quality and utility of information captured by surveillance systems relevant to antimicrobial CORD-Papers-2022-06-02 (Version 1)

Title: Quality and Utility of Information Captured by Surveillance Systems Relevant to Antimicrobial Resistance (AMR): A Systematic Review
Abstract: Health surveillance systems are considered vital for combatting antimicrobial resistance (AMR); however the evidence-base on the effectiveness of these systems in providing information that can be used by healthcare professionals or the acceptability of these systems by users has not been reviewed. A systematic review was conducted of a number of databases to synthesise the evidence. The review identified 43 studies that met the inclusion criteria conducted in 18 countries and used 11 attributes in their assessment of surveillance systems. The majority of systems evaluated were for monitoring the incidence of tuberculosis. The studies found that most surveillance systems were underperforming in key attributes that relate to both effectiveness and acceptability. We identified that two features of systems (ease of use and users awareness of systems) were associated with greater acceptability and completeness of systems. We recommend prioritising these for the improvement of existing systems as well as ensuring consistency in the definition of attributes studied to allow a more consistent approach in evaluations of surveillance systems and to facilitate the identification of the attributes that have the greatest impact on the utility of data produced.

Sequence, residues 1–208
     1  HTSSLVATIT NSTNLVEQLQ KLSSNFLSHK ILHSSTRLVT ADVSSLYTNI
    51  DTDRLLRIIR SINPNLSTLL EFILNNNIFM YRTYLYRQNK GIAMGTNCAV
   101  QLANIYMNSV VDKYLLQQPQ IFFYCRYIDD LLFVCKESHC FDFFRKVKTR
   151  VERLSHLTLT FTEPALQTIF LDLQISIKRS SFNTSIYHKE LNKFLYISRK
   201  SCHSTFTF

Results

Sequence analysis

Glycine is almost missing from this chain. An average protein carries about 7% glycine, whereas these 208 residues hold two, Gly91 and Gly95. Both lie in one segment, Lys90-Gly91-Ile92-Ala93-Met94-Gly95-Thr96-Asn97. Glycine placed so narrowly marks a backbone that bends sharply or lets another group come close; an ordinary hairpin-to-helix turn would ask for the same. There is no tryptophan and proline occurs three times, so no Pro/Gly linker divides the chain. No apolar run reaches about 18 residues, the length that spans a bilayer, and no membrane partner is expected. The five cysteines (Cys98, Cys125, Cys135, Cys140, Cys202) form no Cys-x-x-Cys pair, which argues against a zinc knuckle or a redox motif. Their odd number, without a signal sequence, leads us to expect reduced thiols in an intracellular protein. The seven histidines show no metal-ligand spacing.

Published: 2021-04-13
Journal: Antibiotics (Basel)
DOI: 10.3390/antibiotics10040431
DOI_URL: http://doi.org/10.3390/antibiotics10040431
Author Name: Al Haboubi Mustafa
Author link: https://covid19-data.nist.gov/pid/rest/local/author/al_haboubi_mustafa
Author Name: Glover Rebecca E
Author link: https://covid19-data.nist.gov/pid/rest/local/author/glover_rebecca_e
Author Name: Eastmure Elizabeth
Author link: https://covid19-data.nist.gov/pid/rest/local/author/eastmure_elizabeth
Author Name: Petticrew Mark
Author link: https://covid19-data.nist.gov/pid/rest/local/author/petticrew_mark
Author Name: Black Nick
Author link: https://covid19-data.nist.gov/pid/rest/local/author/black_nick
Author Name: Mays Nicholas
Author link: https://covid19-data.nist.gov/pid/rest/local/author/mays_nicholas
sha: 454fae31f13b32e2c25123be00245871d6fc7197
license: cc-by
license_url: https://creativecommons.org/licenses/by/4.0/
source_x: Medline; PMC
source_x_url: https://www.medline.com/https://www.ncbi.nlm.nih.gov/pubmed/
pubmed_id: 33924412
pubmed_id_url: https://www.ncbi.nlm.nih.gov/pubmed/33924412
pmcid: PMC8069834
pmcid_url: https://www.ncbi.nlm.nih.gov/pmc/articles/PMC8069834
url: https://doi.org/10.3390/antibiotics10040431 https://www.ncbi.nlm.nih.gov/pubmed/33924412/
has_full_text: TRUE
Keywords Extracted from Text Content: N. Al-Haboubi M. Petticrew E. N. Quality M.; patients Sweden [52] Escherichia coli 251,693 wound Salmonella infections 29/43 Podewils human COVID-19 AMR helicobacter pylori California [36 languages children Samaan Haemophilus influenzae patient drug-bug narrati 41/43 penicillin-resistant pneumococci Korea [21 persons clarithromycin Victoria ( pulmonary vancomycin Rifampicin cephalosporin NTP Saudi Arabia Haemophilus influenza type b conjugate vaccine fluoroquinolone US funds Klebsiella pneumoniae CRD42018085346 Helicobacter pylori v 18.0.2 Afghanistan bloodstream Olowokure UK extra-pulmonary TB carbapenem Brazil's micro-regions Haemophilus influenza Brazilian micro-regions HMIS sputum urinary tract Neisseria gonorrhoeae Staphy-lococcus aureus